Bass player and co-vocalist Judy (Chet Siegel), guitarist and lead vocalist Max (Jeff Riddle), and drummer Mel (Ruby McCollister), are struggling members of three-piece punk band Duh. After putting together their first cross-country tour, things seem to finally be coming together for the group, but when their rental van is repossessed, their dreams lie in tatters. Then they meet eccentric Southerner, Peck (David Littleton), who offers them the use of his van, with one caveat – he does the driving. The trio reluctantly agree, but when Peck’s real identity as a demon who must feed each night at midnight is unveiled, the group find themselves dealing with a lot more than they initially bargained for.
Writer and director Matthew John Lawrence works hard to ensure that you care about our core group, Peck included. Typically demon’s are vilified, but here Peck is entirely humanised, offering a new perspective on demonic beings, and in doing so imbues the film with a slew of originality. Playing Peckerhead is newcomer David Littleton, an actor who makes his feature debut in the title role and shows a lot of potential for a bright future in the horror arena. His performance as Peck is wonderfully complex. Thanks in part to Lawrence’s clever writing, Littleton is able to deviate from the expected behaviour of a demon on film. Peck isn’t the scary and menacing monster that one would usually expect. In fact, he’s very much the polite and respectful Southern gentleman, more concerned with folks being nice to one another than unleashing Hell on Earth. Just how true this facade is, forms the backbone of the story, and Lawrence takes great delight in keeping the viewer guessing about his real intentions.
Road movies are always entertaining and Uncle Peckerhead is no exception; the ever changing scenery works well to keep the narrative moving forwards. Lawrence perfectly captures the essence of being a travelling band, keeping the locations within the budget – or lack thereof – of our characters and presenting the stark realities of life on tour. Instead of the fantasy of high-end hotels or super buses, we get dirt-ridden motels, borrowed sofas, and claustrophobic vans. Their nomadic existence helps tie them to one another and draws the viewer in and along for the ride. By sticking to the no-frills lifestyle, Lawrence can milk the indie budget for each and every penny, the lines occasionally blurring as to how much is stylised and how much was just there when they shot. These blurring lines inject a tangible documentary feel to proceedings that disorientate and delight.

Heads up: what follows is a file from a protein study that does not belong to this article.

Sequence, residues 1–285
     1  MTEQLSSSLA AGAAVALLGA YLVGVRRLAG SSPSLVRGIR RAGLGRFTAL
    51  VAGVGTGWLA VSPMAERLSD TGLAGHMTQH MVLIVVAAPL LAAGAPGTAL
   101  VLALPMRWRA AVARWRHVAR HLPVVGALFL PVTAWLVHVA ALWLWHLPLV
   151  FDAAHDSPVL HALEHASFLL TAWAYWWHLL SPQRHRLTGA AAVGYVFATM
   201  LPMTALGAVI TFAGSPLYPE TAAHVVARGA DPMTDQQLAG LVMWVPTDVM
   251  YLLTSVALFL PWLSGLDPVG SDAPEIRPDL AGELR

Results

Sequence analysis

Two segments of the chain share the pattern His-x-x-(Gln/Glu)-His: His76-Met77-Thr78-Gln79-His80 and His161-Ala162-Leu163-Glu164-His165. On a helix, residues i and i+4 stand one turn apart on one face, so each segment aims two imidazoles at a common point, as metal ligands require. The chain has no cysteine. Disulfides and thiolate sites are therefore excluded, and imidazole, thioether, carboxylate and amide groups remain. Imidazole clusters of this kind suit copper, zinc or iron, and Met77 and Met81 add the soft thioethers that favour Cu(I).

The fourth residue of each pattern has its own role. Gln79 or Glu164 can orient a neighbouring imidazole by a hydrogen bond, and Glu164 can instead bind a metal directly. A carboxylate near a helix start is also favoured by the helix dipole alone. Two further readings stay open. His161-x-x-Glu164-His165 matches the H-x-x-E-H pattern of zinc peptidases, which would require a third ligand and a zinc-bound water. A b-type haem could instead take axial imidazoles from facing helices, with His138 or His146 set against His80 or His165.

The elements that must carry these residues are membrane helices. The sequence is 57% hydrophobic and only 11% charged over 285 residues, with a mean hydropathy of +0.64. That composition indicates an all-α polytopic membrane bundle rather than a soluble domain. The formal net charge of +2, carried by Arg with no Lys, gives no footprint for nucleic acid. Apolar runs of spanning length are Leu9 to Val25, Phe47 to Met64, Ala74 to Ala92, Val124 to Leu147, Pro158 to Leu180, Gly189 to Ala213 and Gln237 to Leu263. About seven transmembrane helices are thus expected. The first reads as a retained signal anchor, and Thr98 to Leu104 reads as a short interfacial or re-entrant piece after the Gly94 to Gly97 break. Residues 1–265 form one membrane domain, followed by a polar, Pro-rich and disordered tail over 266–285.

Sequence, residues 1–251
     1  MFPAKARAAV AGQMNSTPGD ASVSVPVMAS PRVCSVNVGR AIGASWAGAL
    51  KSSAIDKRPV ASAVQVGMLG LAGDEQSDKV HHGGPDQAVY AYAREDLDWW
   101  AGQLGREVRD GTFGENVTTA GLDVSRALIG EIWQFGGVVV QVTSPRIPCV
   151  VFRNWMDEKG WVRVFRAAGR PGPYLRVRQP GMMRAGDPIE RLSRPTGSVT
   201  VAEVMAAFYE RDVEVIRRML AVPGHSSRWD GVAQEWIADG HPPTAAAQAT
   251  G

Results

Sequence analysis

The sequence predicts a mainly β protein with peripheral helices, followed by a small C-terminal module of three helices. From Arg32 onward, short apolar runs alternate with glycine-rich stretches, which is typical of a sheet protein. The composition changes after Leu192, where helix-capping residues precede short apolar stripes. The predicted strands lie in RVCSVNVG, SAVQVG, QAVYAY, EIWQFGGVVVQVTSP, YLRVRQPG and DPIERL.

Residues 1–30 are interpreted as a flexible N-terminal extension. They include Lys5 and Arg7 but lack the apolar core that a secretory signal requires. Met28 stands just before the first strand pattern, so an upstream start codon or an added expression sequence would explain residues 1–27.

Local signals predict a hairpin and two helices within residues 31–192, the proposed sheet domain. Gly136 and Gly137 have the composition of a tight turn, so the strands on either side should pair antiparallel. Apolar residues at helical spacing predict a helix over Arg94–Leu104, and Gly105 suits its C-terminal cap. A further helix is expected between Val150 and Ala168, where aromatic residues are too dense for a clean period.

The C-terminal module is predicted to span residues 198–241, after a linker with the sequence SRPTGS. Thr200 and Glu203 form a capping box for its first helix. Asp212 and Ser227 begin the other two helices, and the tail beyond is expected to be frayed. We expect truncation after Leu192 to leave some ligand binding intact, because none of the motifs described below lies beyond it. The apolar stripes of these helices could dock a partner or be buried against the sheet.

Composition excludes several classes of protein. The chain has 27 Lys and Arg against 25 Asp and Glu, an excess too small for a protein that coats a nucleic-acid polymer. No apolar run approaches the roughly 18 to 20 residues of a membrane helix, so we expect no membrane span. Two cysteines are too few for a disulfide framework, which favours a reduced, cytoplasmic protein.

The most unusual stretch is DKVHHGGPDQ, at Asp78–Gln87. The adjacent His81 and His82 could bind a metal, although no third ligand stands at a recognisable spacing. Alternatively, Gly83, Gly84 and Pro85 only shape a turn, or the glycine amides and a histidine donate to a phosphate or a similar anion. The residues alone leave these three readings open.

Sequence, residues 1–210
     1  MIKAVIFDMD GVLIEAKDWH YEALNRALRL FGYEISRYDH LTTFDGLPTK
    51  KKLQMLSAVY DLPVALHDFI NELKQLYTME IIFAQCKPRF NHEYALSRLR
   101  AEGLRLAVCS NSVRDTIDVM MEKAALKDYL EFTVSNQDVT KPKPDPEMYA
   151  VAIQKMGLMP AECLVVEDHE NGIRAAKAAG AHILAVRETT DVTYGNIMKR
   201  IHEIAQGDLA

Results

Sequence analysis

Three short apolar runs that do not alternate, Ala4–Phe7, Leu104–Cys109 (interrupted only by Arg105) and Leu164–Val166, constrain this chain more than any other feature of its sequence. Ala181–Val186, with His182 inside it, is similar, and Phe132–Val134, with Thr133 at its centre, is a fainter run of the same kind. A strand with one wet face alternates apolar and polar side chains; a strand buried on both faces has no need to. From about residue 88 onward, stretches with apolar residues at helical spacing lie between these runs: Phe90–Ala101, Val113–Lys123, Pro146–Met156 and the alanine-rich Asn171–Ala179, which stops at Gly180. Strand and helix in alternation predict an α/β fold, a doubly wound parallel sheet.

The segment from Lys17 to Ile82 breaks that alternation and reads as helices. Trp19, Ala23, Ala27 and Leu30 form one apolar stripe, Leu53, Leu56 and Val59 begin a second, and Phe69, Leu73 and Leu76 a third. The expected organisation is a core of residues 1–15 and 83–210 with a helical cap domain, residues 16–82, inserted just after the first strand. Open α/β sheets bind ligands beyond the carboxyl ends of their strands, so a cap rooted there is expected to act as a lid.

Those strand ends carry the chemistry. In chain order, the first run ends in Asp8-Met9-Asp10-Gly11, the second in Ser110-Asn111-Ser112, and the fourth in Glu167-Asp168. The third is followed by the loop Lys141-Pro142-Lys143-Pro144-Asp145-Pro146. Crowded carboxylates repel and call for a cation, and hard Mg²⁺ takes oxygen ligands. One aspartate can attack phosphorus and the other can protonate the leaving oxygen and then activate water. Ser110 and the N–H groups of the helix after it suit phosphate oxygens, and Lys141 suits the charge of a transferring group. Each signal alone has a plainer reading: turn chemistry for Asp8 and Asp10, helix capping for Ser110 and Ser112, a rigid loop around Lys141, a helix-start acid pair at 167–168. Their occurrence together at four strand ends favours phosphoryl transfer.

Uncle Peckerhead revolves around a band, and so music is an important component and one that isn’t squandered; the progression of Duh’s songs and performances are treated as equally important as everything else. As the band comes into their own, there’s an energy that takes over and our trio of actors follow the Green Room pattern and make for a very believable and charismatic band. The songs and music also retain the humourful tone, the style and performance of Duh’s rival band being a clear parody and blend of several high profile ‘alternative’ acts. All combine together in a blistering meld of audio that provides excellent support to all Lawrence’s work. Packed full of punk rock vibes, this is one soundtrack destined to become a must-own amongst fans.
Much like the band themselves, the gore literally sings, spurting forth unto the screen at every opportune moment. The work on these moments has been approached in a thoughtful manner and seeks to give those with a bloody appetite exactly what they want. There’s plenty of expected splatter sequences, with the occasional unexpected instance that sets Uncle Peckerhead out as its own creature and not just a string of homages.
For a film with the word Pecker in its title, Uncle Peckerhead has a surprising amount of heart and warmth. Its humorous moniker points to a rather infantile movie that would only appeal to a small minority, yet it’s actually a well-rounded and entertaining horror comedy that embraces its silly side without sacrificing story or character work. There’s still plenty of crassness within – explosive diarrhoea anyone? – but it’s buried within the framework of a more accessible story. A punk-rock story with an ever present heart of gory gold, Uncle Peckerhead is a strangely emotive tale of friendship, trust, and the undying spirit of the punk movement.
For a film named Uncle Peckerhead, it’s not quite as crass as one might expect. Granted there is the occasional bout of explosive diarrhoea, but there’s also a great amount of heart.
Uncle Peckerhead is out to own now.
This review first appeared on THN.